Author Topic: Module Design: Staying With It: 10 Tips to Finishing a Design (by Ben Sanderfer)  (Read 1818 times)

Offline ProphetSword

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STAYING WITH IT:  10 Rules to Finishing That Module Once You Start It
By Ben Sanderfer

(Reprinted From UANL #26)

We've all seen it happen. Someone in the community is working on the "epic-module-to-end-all-modules," and we're all buzzing about what a great boon it will be to the UA world. And then, it happens. The authors back out of the project and we watch our dreams turn into vapor.

One particularly promising module/worldhack, called Drow UA, was being worked on by a *large* group of individuals, and folded somewhere near completion. (As someone who was fortunate enough to see the project, I can honestly say it was quite a loss for the community). This proves that even large-scale efforts can fail. If that's true, what hope does a single designer have of finishing something wondrous to be enjoyed and shared by the followers of this antique engine?

And how many would-be designers have a ton of unfinished modules sitting on their hard drives...putting them easily within striking distance of a great release if they could only find the time to finish up their masterpieces?

It's truly sad. It's a condition brought on by the rigors of daily life, the horrifying aspects of employment, the diversions produced by other games, and the lack of enthusiasm one can develop for his/her own work. And it has to stop.

As someone who has stood on both sides, I can tell you that neither path is easy. While it wasn't easy designing an epic module like "AT1: Dark Alliances," it was also not an easy thing to shuffle off an unfinished demo of "Buck Rogers: Ghost in the Machine" simply because I had neither the time nor the willingness to finish it. It can be as frustrating to continue working as it can be to simply give up.

But, after a while and a few releases, it gets a little easier to see what steps you can take to ensure that you can get from the beginning to the end. And, while it's easy to start a module, it is quite a journey to finish one. But, believe it or not, there are certain rules you can follow that will help you reach your destination. And, aren't you glad that I'm going to share them with you?

RULE 1: DO IT FOR YOURSELF
 The first thing you must purge from your mind is that designing for UA is not a job. No one is putting a gun to your head. It isn't a life or death situation. Even if sixty people write you everyday and want to know when the module will be released, you don't owe anyone a thing. If you design something, do it for yourself...for your own enjoyment and entertainment.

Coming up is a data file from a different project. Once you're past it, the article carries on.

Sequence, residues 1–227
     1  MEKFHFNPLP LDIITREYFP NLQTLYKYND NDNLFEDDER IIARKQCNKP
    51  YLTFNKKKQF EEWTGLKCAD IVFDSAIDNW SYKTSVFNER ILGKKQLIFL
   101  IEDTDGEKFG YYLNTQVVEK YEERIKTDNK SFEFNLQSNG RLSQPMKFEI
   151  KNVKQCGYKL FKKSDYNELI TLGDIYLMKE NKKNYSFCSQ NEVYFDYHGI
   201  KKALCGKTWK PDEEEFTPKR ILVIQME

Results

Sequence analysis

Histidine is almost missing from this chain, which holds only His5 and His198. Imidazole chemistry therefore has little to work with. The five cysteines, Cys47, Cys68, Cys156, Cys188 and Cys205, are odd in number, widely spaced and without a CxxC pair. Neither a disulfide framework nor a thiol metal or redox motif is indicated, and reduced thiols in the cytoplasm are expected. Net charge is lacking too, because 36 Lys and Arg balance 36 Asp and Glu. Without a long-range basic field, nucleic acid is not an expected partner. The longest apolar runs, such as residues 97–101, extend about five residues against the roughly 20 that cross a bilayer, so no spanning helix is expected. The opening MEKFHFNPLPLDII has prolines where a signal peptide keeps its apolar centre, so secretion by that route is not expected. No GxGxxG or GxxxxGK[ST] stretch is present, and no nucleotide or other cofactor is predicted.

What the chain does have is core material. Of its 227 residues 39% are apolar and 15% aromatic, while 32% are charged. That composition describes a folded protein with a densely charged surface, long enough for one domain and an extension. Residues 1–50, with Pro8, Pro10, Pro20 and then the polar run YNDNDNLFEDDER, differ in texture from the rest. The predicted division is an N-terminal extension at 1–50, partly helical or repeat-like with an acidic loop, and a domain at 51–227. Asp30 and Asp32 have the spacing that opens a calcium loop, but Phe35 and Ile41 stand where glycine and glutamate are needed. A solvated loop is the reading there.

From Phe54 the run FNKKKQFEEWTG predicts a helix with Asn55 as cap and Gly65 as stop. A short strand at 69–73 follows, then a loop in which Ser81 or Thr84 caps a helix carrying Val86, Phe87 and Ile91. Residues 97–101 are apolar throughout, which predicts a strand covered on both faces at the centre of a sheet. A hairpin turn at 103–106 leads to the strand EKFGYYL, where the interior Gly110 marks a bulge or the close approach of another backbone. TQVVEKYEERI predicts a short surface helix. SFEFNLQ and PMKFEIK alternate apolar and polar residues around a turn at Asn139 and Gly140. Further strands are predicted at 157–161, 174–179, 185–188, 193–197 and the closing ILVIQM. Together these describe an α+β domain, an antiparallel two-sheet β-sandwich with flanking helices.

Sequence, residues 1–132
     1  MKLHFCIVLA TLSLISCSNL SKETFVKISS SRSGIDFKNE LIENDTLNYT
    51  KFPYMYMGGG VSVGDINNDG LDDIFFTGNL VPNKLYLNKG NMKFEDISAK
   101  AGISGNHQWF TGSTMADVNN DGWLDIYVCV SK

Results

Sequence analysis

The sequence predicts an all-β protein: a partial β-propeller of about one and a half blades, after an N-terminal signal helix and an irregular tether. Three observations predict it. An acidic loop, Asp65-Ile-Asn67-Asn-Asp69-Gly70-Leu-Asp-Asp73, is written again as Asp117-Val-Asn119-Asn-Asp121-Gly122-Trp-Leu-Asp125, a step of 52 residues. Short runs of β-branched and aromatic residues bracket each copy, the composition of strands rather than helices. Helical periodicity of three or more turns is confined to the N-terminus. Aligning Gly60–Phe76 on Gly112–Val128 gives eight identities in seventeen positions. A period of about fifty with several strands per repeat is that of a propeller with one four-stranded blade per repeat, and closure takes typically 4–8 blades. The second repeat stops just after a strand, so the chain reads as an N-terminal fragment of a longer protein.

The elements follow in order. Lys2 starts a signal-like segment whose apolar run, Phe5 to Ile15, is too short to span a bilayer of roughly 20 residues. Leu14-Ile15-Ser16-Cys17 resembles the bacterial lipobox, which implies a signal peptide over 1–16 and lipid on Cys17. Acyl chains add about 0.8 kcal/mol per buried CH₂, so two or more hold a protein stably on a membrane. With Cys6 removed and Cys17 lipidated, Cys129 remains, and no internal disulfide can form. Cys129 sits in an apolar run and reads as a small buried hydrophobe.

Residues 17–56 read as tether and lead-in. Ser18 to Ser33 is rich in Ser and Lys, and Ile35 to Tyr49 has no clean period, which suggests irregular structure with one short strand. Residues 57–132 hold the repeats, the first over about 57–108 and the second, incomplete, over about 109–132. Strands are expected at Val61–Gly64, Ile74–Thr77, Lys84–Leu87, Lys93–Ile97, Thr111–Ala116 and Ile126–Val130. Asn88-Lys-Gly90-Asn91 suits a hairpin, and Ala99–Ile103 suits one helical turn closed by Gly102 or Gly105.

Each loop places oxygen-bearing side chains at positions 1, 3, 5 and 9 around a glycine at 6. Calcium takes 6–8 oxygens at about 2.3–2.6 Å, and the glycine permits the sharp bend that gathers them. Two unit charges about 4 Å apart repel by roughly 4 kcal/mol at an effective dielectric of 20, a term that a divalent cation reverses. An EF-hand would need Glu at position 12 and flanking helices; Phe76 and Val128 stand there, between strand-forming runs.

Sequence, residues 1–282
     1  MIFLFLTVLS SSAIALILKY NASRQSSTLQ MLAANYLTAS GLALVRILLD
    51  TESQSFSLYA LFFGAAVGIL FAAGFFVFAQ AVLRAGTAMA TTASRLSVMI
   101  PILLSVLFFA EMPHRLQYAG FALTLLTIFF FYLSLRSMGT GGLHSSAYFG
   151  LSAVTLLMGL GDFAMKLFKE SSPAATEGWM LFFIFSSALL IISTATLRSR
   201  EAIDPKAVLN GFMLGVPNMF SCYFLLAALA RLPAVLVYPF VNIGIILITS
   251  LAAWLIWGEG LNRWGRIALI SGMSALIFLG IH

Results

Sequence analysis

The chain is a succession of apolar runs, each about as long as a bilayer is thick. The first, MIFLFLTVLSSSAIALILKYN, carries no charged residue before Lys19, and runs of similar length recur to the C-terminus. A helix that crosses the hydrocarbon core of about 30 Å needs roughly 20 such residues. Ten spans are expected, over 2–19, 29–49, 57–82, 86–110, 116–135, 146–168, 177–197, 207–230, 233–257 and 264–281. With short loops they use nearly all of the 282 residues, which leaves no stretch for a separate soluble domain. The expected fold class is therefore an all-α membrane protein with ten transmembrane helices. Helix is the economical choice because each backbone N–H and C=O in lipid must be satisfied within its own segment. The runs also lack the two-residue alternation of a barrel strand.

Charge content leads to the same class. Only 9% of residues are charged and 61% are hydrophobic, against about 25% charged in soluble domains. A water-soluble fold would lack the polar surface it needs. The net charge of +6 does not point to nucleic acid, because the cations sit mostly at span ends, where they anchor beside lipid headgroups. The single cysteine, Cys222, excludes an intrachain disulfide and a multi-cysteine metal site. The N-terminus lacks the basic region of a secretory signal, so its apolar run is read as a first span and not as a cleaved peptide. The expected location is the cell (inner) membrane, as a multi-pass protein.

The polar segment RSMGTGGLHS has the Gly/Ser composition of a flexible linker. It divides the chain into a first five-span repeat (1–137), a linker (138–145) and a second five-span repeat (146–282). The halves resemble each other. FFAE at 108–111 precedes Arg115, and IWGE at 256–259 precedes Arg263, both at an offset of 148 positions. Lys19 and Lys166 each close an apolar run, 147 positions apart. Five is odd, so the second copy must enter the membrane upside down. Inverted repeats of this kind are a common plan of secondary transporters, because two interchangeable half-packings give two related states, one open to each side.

RULE 2: IMPOSE NO DEADLINES
This is one of the biggest module killers in history. Whatever you do, never put a deadline on yourself. The module will be done when it is done. Telling people you will have it done in a week will only put a ton of pressure on you and make you feel guilty. Also, it makes it a "job," and once you classify it that way, your mind will naturally begin to resist it and find other entertaining ways to divert your attention. Never set a date...don't even set a year.

RULE 3: TAKE FREQUENT BREAKS
It's easy to get burned out. It's easy to get bored. And, when that happens, it's easy to find something else to do. This will happen to everyone at one point, but it isn't an excuse to stop working on your module altogether. Don't dump your work completely just because you get tired of it. Many epic modules would never have been completed if the authors had done this (witness the recent release by Darius Whiteheart called "Curse of the Fire Dragon," which took an astounding *seven* years to finish)! If you feel burned out, take a break. Promise yourself you won't look at the module for a month. Most of the time, the desire will return on it's own and you will resume working on it after a period of time.

RULE 4: DON'T COMPARE YOURSELF TO OTHER DESIGNERS
Big mistake. We are all different. Our styles are varied. Some people will be better writers...some will be better artists...some will write modules that will knock your socks off. Just because you don't feel like you can compete is no reason to give up. You truly have no idea what you can accomplish until you've actually done it. You will never be the best. None of us ever will be. It may seem like someone is the "best" at something...but even they will admit someone is better than they are.

RULE 5: BEWARE OF SIDE-QUESTS
In the scheme of things, both side-quests and sub-plots are wonderful devices. They open a game up and allow a player to discover more about the surroundings and the characters that make up the storyline. But, it's easy to get caught up in them and end up with nothing to show. Finish your main plotline first...and then go back and add them later. It will save you a lot of headaches.

RULE 6: FIND THE TIME
The excuse that "real life" has interfered with the production of your module has been so overused that it has pretty much lost its sting. We've come to the point where we shrug our shoulders and move on. But, designing for UA is just like anything else in life...if you really want to do it, you will find the time to do it. End of story. If you cannot find the time, you must not really want it as bad as you think. Even if you can only devote ten minutes a night...it's better than nothing...

RULE 7: DON'T GIVE AWAY YOUR STORY
This is a rule given out in writing seminars, and it's an important rule. When we feel the desire to write something, it's because we have a story to tell. We are motivated to tell it. We want to share it. But, I've seen far too many "previews" that spoil the story. Once the story is out, our motivation slows down and we no longer have the desire to share it. If you want to share a story in a UA design, don't blab about it, lest you risk burning off your steam. Tell your story in the design, not in a UANL blurb or message to the mailing list. Your motivation will be greater if that "twist" at the end is a real secret.